Vitamin D – The Sunshine Vitamin

Isn’t it lovely to feel warmer weather slowly encroaching upon us?  Getting out of bed without your toes freezing is certainly a plus, and the thought of all the delicious summer fruits to come…. yum! Leaving behind all the comfort foods of winter and embracing the delights that spring has to offer.  I’m looking forward to being able to be outdoors more, enjoy the warm sunshine and get my veggie garden planted for summer. 

While many of us are aware of the dangers of overexposure to the sun, less well known is the fact that exposure to the sun is one of the primary ways our bodies obtain vitamin D. Our skin can produce vitamin D when exposed to UVB rays. Vitamin D is crucial to the health of our bones, as it helps our bodies absorb the calcium from our food that our bones need to maintain their strength. It’s also important for healthy muscle function to prevent spasms and cramps. Other roles include promoting a healthy immune system, reducing inflammation, and enhancing glucose metabolism and cell growth.

Unfortunately, there aren’t many foods that contain vitamin D and those that do, only have small amounts.  Some of these include oily fish such as canned tuna and salmon, eggs, dairy and liver. Who remembers being given cod liver oil as a child?  Severely low levels of vitamin D can cause rickets (a bone-softening condition causing bowlegs and knock knees) in children, osteomalacia (soft, brittle bones), osteoporosis and bone and muscle pain in adults. Rickets is very rare these days, as most of us get enough vitamin D to prevent it, but according to the NZ Nutrition surveys, about one-third of the population have less than the recommended levels of vitamin D. 

So, we’re doing a great job of ‘slip, slop, slap’, but a little exposure to the sun, without sunscreen on, each day is important, 5 – 15 minutes may be all that you need, depending on the time of year.  In summer, 6 – 8 minutes, before 10 am and after 4 pm, may be enough, but in winter we need about 30 minutes in the midday sun.  Unfortunately sitting by a sunny window doesn’t do the job, as glass stops the UVB rays we need to make vitamin D. Due to an increased risk of cancer, a sunbed is not recommended.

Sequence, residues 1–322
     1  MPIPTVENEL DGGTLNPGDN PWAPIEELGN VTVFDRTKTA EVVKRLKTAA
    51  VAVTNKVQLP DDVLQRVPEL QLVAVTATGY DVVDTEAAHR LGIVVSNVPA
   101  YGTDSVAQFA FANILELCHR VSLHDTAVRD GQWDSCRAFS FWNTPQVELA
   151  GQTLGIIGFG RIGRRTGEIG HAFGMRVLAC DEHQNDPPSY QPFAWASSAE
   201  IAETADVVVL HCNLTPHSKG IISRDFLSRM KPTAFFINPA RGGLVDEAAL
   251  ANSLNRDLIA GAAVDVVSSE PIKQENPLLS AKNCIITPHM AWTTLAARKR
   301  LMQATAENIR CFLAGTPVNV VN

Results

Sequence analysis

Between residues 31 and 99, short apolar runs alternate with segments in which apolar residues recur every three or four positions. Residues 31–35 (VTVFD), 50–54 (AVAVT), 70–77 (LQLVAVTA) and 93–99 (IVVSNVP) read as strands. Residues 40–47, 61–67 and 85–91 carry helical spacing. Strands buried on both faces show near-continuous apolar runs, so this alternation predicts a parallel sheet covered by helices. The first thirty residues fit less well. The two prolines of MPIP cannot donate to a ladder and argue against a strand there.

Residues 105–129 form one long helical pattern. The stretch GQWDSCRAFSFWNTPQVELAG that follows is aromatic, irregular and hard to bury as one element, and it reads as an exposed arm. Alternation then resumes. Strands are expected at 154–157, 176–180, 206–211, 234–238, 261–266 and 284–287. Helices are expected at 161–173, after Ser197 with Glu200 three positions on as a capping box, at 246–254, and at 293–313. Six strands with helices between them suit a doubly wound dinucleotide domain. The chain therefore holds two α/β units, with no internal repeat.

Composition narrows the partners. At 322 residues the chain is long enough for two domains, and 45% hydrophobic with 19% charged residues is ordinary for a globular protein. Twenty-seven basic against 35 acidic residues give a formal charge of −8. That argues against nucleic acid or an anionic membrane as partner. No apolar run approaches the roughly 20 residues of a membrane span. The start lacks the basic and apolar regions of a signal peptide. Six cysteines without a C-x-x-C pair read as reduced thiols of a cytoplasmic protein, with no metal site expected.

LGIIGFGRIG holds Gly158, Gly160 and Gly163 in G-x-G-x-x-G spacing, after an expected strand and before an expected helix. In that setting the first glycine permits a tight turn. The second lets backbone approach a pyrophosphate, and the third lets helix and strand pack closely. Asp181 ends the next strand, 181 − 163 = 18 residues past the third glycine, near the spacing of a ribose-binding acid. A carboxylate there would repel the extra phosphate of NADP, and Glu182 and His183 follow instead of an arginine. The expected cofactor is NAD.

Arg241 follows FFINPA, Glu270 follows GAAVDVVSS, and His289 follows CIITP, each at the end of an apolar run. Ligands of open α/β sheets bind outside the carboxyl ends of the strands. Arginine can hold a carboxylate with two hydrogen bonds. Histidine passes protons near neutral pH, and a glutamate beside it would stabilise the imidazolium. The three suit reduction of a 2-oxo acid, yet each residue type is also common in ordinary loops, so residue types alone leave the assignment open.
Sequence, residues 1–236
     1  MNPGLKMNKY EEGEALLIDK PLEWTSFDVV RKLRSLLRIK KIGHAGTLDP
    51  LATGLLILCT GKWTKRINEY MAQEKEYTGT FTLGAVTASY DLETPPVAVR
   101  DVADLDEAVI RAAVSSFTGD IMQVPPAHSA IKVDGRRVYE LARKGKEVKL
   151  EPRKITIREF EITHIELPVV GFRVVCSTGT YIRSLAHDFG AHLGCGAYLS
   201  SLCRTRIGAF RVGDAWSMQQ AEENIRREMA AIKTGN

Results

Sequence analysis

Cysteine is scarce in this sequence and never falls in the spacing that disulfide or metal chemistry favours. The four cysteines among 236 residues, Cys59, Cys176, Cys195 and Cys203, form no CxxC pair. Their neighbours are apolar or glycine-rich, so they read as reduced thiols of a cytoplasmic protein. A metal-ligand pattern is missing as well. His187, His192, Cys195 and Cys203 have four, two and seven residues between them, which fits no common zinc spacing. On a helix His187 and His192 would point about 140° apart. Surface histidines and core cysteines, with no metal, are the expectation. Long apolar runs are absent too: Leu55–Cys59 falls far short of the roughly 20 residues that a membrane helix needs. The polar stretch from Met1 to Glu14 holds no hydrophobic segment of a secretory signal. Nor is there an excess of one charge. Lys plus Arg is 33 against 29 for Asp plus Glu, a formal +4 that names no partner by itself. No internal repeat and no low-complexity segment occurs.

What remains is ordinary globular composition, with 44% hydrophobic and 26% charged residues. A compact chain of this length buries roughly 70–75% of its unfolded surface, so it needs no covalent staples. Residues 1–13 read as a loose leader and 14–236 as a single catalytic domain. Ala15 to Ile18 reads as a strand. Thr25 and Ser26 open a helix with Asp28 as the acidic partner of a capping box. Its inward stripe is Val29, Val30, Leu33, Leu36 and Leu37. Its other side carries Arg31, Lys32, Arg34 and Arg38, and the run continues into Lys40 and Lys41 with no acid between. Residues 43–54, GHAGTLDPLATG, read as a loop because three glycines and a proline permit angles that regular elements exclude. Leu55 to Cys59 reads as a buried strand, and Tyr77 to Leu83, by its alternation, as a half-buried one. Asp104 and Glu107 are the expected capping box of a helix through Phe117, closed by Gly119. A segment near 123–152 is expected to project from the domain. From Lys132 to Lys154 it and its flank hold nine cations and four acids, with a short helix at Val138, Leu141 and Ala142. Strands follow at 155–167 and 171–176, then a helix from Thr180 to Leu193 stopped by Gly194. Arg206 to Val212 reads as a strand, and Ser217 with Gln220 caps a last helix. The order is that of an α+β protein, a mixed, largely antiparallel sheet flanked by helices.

How much sun exposure you need depends on a few factors like:

  • Skin colour – the darker your skin, the more sun exposure you will need
  • Age – as we age our ability to produce vitamin D declines
  • The quantity of vitamin D-rich foods we consume
  • Certain medications are photosensitising and make our skins more sensitive to the sun
  • Latitude – living in lower latitudes increases our requirement
  • Risk of skin cancer & certain medical conditions

So, enjoy the outdoors this spring and top up your vitamin D levels.  If you are concerned that you are not getting enough vitamin D, you can have your vitamin D levels tested and a supplement may be helpful if your levels are low.

If you would like help with creating new routines and learning how to prioritise your health, e-mail me at for an appointment.

Paula Southworth
Registered Nutritionist (NZ) & Health Coach
(BSc Nutrition and Sports Science)
Member of the Nutrition Society of New Zealand